ST. JAMES, LOUISIANA -- The State of Louisiana again affirmed that profits for out-of-state petrochemical companies come before the health of its most vulnerable residents. The Department of Natural Resources announced today that it has approved the coastal use permit for the construction of the Formosa Plastics plant in the 5th District of St. James Parish.
The 5th District sits in Cancer Alley, an area on the Mississippi River between Baton Rouge and New Orleans known for its high cancer rates among its poor and black residents who have been targeted for industrial development. Formosa, a Taiwanese company with a long and well-documented history of pollution in Baton Rouge, Texas, Taiwan, and Vietnam, did not submit a single proposed alternative site in a non-black neighborhood.
The plant has faced fierce opposition from local residents who have been fighting against petrochemical development since the term “Cancer Alley” was first coined in the 1980s. Rise St. James, a local faith-based group opposed to the Formosa plant, recently hosted a revival headlined by Rev. Dr. William Barber that attracted hundreds of local residents.
“I’m highly disappointed because the authorities issuing these permits don’t care about the people who live in St. James,” said Sharon Lavigne, founder and director of Rise St. James. “People are suffering and we’re asking for help, but it seems like wealthy people and those in charge don’t care. They are only concerned about what they can get out of it.
“These are lives. These are human beings. God made us just like he made the people making these decisions,” Lavigne said. “It angers me because they grant these permits knowing that the people in the 5th District spoke out against the plant but they approved it anyway.“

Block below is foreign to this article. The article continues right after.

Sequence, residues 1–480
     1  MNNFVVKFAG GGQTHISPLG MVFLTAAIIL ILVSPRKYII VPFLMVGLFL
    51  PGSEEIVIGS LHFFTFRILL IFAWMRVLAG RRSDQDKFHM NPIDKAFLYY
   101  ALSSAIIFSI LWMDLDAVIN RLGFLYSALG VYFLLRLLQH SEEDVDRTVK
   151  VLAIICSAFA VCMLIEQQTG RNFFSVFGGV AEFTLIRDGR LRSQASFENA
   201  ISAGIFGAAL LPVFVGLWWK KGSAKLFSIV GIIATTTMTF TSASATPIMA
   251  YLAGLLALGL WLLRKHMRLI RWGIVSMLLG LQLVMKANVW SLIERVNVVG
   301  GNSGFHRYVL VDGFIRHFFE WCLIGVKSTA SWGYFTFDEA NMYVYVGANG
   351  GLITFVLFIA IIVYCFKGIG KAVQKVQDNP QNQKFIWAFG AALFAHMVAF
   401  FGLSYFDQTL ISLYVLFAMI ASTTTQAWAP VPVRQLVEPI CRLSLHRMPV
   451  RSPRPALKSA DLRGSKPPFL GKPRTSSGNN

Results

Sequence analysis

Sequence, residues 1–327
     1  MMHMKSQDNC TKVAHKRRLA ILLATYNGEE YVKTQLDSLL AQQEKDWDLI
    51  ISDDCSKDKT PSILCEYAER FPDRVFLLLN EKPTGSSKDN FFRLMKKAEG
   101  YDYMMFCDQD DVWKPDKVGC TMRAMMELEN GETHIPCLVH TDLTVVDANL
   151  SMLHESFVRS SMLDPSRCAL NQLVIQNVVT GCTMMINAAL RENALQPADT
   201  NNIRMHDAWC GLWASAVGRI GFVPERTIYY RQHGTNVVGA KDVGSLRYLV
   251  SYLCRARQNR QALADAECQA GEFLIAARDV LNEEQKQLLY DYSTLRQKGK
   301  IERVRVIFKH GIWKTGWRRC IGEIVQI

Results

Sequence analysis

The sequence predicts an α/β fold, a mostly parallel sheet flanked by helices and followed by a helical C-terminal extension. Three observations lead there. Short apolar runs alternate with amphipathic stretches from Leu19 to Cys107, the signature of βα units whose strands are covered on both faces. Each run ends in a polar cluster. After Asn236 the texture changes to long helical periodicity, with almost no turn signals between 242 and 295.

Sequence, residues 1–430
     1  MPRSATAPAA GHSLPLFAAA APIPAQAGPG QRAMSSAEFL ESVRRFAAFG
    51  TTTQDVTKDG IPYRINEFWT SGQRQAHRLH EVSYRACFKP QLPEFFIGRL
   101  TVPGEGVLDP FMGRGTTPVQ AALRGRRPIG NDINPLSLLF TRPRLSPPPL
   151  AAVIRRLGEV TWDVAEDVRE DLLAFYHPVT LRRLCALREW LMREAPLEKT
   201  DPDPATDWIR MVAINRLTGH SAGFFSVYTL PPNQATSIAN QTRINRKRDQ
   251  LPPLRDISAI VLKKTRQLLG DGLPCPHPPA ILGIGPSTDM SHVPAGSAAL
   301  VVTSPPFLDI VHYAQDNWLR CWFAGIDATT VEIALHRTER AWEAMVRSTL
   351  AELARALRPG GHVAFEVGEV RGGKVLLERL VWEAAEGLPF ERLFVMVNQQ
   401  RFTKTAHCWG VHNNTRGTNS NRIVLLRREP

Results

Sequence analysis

At the hearing for the coastal use permit on December 6, dozens of people spoke out against the plant, with only one person speaking in favor of the plant. Formosa still needs approval from the Louisiana Department of Environmental Quality (LDEQ) for its air discharge and Louisiana Pollutant Discharge Elimination System permits. Ethane crackers like the proposed Formosa Plant are known for releasing a variety of cancer-causing toxins into the air. LDEQ has yet to release the public notice for the comment period or hearing for either the air or wastewater discharge permits.
The Formosa plant is part of a push to turn the byproducts of natural gas extraction into plastic feedstocks for single-use plastic packaging and consumer products. The fossil fuel industry plans to increase plastic production by 40 percent over the next decade, adding to the growing ocean plastic pollution crisis.
“It’s disappointing that Louisiana isn’t protecting its residents or environment from toxic pollution. Formosa is harming local communities as it makes more plastic that will end up in our oceans,” said Emily Jeffers, an attorney with the Center for Biological Diversity. “Whales, sea turtles, dolphins and migratory birds in the Gulf and around the world are already choking on plastic pollution. This plant and others like it will only add to the crisis of plastic collecting in our oceans, landscapes and landfills."
Formosa will be gifted $1.5 billion in tax breaks for its new plastics plant through the controversial Industrial Tax Exemption Permit. But with plastic products being banned in Europe and municipalities across the U.S., the demand for Formosa’s output is likely to decline over time.
The plant will destroy more than 100 acres of wetlands, making flooding worse and increasing the risk of a chemical spill during a natural disaster. As a greenhouse gas emitter, Formosa will worsen climate change and increase the likelihood of devastating hurricanes. The Formosa project is therefore incompatible with the state’s $50 billion master plan to slow down the loss of its coast.
The Formosa project is also in violation of the State Constitution of Louisiana. Article IX, Section 1 states, “The natural resources of the state, including air and water, and the healthful, scenic, historic, and esthetic quality of the environment shall be protected, conserved, and replenished insofar as possible and consistent with the health, safety, and welfare of the people.”
Founded in 1994, Healthy Gulf aka Gulf Restoration Network is a nonprofit focused on empowering people to protect and restore the natural resources of the Gulf of Mexico region.
The Center for Biological Diversity is a national, nonprofit conservation organization with more than 1.4 million members and online activists dedicated to the protection of endangered species and wild places.